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» » Barriers broken, history made


Using Sign Language, Pastor Zenda is joined by NID's Rev Jan Oberholzer to sing 'I love you Jesus with all my heart' while RCZ leaders marvel

…as RCZ ordains first ever deaf pastor


Moses Ziyambi

MORGENSTER
– History was recorded last Saturday, September 23, 2017 when the Reformed Church in Zimbabwe (RCZ) ordained the country's first ever deaf pastor, a development that was welcomed as good for inclusivity in the church.
The consecration of Reverend Mercy Zenda nee Chipoka was held at RCZ's Morgenster Mission, itself a cradle of the church's long history of work with people living with disabilities, being home to the Henry Murray School for the Deaf.
Leadership of the church as well as members of the deaf community were in attendance to bear witness to a double blow against barriers of gender and disability.
Speaking at the event, RCZ moderator Rev Rangarirai Rutoro said he was pleased by the achievement towards inclusive evangelism.
"The Reformed Church in Zimbabwe is celebrating another historic occasion following the establishment of the mission in 1891. We are premised on four pillars; evangelism, health, education, the environment or agriculture if you want. It is a circuit, and what we are witnessing is a completion of that circuit," said Rev Rutoro.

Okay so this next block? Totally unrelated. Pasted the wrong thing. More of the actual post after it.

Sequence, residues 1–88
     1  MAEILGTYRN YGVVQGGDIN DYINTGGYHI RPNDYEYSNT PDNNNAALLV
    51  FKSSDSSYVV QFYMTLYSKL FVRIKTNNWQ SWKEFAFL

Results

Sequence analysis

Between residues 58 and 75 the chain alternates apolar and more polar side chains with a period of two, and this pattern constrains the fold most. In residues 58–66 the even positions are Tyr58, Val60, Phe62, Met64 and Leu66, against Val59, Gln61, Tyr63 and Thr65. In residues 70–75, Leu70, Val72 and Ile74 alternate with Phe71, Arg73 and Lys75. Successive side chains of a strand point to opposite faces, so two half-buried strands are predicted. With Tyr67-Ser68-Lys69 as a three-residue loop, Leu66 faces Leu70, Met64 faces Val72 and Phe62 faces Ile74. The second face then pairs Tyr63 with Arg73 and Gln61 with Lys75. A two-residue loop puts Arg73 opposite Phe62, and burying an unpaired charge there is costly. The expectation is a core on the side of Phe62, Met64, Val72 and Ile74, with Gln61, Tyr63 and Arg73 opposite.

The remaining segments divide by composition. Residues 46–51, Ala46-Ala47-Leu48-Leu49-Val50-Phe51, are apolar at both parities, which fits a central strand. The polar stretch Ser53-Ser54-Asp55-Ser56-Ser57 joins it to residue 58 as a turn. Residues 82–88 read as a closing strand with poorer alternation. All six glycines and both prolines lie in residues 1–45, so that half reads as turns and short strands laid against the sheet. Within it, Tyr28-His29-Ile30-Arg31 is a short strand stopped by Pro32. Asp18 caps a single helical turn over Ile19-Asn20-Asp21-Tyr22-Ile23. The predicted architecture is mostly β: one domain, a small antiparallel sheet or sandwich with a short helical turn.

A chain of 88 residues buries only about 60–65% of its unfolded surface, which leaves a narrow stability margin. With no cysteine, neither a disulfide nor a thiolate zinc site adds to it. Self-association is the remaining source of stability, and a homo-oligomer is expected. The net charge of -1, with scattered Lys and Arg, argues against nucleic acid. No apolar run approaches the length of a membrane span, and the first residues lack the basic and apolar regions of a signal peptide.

He praised the contributions of various stakeholders, adding that the church should put its institutions that deal with matters of disability on the budgets so that their work can be easier.
"We are grateful to the National Institute of the Deaf, our sister church the Dutch Reformed Church in South Africa and our own Henry Murray School for the Deaf which we want to put on our budgets and not on the budget of donors. We know donors are there for us but we must also do something. Working on matters of disability is no easy task but most of us do not see it and we are quick to criticise," said Rev Rutoro.
In 2013, Rev Zenda started her theology studies with the National Institute of the Deaf (NDI) in Cape Town, South Africa, since the Henry Murray School of Theology did not have the capacity to meet her special needs.
On her own part, Rev Zenda said the road she travelled was not easy and that it was by the grace of the Lord that she made it.
"At times it would be very hard and it is only by the grace of God that I am here. I thank everybody who supported me to the end," said Rev Zenda, who is now the chaplain of Henry Murray School for the Deaf but will also be available to serve other deaf worshippers in whatever Christian church in the country.
Lovemore Chidemo, a member of the deaf community who is producer of Action Power, a Zimbabwe TV (Ztv) programme which is co-presented by Agnes Chindimba and Lincoln Matongo, said he was pleased that one of their own was now priest.
"Deaf people need salvation too and it is pleasing that our church has decided to be inclusive. Many churches are not inclusive and deaf souls are getting lost because there is no Sign Language proficiency in the churches. When we receive the word of God through translation, it is not enough because some of the information is lost in translation," said Chidemo.religion

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